Text and Photo by: Imu Chan
Close to the end of the inauguration ceremony for the Sukkot Festival 2017, following the speeches delivered by the First Nations and community representatives, Michael Schwartz from the Jewish Museum & Archives BC asked me to say a few words about the pavilion we’d created for the event. By then the sun had finally broken through the persistent rain. Overwhelmed with joy and relief, I uttered a few inconsequential remarks. The following is more or less what I can remember.
We are grateful of the opportunity to be part of the sukkot celebration. The experience has been both rewarding and humbling. Rewarding because of the tremendous we have learned and experienced throughout the design process. Humbling because we can be part of this larger vision created by the Grandview Woodland Food Connection, Britannia, and the Jewish Museum & Archives of building friendship and community, within which we hope what we have created can make a small difference.
Early on in the design process, we were intrigued by the concept that a sukkah roof is protective yet fragile, that true protection may not necessarily depend on the material world, and that in time of fragility it is also time to deepen our faiths and our connection with others. We name our design "eyepiece", which is the lens we rest our eyes on viewing through an optical instrument, whether the instrument is a wide-angle camera or a microscope. We hope our design offers a dual reference to look broader at the world around us as well as to examine deeper into ourselves, our faiths and the meanings of our existence.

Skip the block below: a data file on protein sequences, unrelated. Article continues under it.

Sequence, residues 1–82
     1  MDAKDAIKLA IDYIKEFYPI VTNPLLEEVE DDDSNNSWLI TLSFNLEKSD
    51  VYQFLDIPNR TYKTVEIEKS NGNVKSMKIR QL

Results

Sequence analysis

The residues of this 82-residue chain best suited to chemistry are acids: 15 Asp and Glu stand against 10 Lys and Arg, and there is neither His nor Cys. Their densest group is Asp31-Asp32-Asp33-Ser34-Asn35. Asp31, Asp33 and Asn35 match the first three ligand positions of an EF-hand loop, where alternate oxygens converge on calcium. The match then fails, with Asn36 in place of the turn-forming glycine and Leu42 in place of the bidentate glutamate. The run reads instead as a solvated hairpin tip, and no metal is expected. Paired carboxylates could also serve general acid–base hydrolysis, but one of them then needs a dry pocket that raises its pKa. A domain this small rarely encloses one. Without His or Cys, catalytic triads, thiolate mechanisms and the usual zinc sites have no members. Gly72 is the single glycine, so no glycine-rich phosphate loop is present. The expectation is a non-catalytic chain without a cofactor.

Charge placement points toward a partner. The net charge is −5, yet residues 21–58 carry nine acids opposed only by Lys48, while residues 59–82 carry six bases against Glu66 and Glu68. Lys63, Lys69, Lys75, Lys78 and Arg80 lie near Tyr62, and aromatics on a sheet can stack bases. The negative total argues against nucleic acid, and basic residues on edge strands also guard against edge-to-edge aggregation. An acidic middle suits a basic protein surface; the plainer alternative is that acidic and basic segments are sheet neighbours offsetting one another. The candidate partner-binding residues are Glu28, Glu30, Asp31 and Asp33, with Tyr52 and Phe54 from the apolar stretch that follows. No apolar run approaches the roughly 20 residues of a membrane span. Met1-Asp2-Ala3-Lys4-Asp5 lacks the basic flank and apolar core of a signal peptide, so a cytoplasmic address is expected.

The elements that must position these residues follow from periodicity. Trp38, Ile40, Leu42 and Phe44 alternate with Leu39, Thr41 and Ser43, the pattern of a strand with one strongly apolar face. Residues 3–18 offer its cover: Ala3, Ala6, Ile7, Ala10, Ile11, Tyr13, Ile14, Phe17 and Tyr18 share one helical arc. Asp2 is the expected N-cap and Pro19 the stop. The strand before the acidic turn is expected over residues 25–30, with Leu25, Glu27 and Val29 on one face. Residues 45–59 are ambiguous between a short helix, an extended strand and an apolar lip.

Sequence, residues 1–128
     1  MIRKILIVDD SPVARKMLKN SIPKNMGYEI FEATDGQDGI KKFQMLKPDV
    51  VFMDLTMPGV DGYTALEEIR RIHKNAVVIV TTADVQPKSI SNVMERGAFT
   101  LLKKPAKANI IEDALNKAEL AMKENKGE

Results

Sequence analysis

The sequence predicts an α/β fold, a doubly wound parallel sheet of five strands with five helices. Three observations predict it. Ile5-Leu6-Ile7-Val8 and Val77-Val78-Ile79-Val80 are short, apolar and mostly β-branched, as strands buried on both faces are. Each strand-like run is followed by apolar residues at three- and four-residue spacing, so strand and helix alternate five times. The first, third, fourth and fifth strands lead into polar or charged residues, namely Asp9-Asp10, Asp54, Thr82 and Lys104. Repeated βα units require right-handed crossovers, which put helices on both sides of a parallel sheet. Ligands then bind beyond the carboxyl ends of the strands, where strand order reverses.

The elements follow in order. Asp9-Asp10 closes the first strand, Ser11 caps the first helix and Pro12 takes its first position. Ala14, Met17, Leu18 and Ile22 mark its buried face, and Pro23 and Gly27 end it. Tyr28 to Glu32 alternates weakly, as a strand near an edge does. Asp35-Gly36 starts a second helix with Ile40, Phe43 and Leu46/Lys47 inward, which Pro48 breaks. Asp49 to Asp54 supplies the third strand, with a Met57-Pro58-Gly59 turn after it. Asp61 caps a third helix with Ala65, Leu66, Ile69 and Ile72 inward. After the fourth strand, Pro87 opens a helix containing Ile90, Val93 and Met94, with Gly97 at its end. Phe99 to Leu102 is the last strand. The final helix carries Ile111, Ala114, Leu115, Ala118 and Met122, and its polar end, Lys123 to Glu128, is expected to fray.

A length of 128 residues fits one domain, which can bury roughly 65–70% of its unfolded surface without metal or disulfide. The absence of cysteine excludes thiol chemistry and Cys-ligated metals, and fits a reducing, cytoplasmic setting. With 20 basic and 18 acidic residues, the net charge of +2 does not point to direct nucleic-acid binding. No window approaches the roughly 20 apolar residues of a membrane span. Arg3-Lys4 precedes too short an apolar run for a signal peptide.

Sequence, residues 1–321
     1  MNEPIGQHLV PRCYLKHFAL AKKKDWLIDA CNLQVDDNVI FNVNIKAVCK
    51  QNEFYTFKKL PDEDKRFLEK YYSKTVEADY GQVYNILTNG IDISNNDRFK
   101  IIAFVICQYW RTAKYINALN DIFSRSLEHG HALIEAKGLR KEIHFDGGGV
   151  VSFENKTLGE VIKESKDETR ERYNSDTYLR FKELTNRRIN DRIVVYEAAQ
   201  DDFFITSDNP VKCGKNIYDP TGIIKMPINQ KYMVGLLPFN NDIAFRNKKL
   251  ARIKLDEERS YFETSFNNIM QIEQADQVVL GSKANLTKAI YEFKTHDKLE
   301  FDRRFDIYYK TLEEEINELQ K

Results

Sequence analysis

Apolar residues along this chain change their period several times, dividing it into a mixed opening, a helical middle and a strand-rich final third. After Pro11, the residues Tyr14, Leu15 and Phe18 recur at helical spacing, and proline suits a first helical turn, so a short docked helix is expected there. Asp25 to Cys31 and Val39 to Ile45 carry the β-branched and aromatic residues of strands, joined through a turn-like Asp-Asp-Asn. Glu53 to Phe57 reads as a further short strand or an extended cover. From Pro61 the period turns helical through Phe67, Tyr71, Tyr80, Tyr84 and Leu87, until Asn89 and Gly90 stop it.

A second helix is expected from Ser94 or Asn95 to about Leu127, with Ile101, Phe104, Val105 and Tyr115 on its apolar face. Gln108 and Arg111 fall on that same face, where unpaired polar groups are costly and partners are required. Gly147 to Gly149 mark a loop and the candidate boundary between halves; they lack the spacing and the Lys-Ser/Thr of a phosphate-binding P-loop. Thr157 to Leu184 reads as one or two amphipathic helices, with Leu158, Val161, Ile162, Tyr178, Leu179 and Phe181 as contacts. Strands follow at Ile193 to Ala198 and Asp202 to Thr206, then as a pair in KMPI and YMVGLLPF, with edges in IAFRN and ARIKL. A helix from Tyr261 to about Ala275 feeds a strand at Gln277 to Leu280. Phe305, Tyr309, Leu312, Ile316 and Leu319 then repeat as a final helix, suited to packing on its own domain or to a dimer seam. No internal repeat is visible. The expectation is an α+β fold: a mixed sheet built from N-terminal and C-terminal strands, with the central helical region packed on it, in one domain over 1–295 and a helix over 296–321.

Alek and I often say that we have created a portable natural history museum, that is 100% biodegradable, so eventually everything will return to the earth. The triangular lenses are made of bio-plastics, prepared with kosher gelatin. There are twenty-one indigenous plant species encased in these lenses, all of which form part of Coast Salish Peoples diet or for other traditional uses. The best way to experience eyepiece is to lie down on the ground and look up, although I would suggest doing it during good weather when the ground is dry.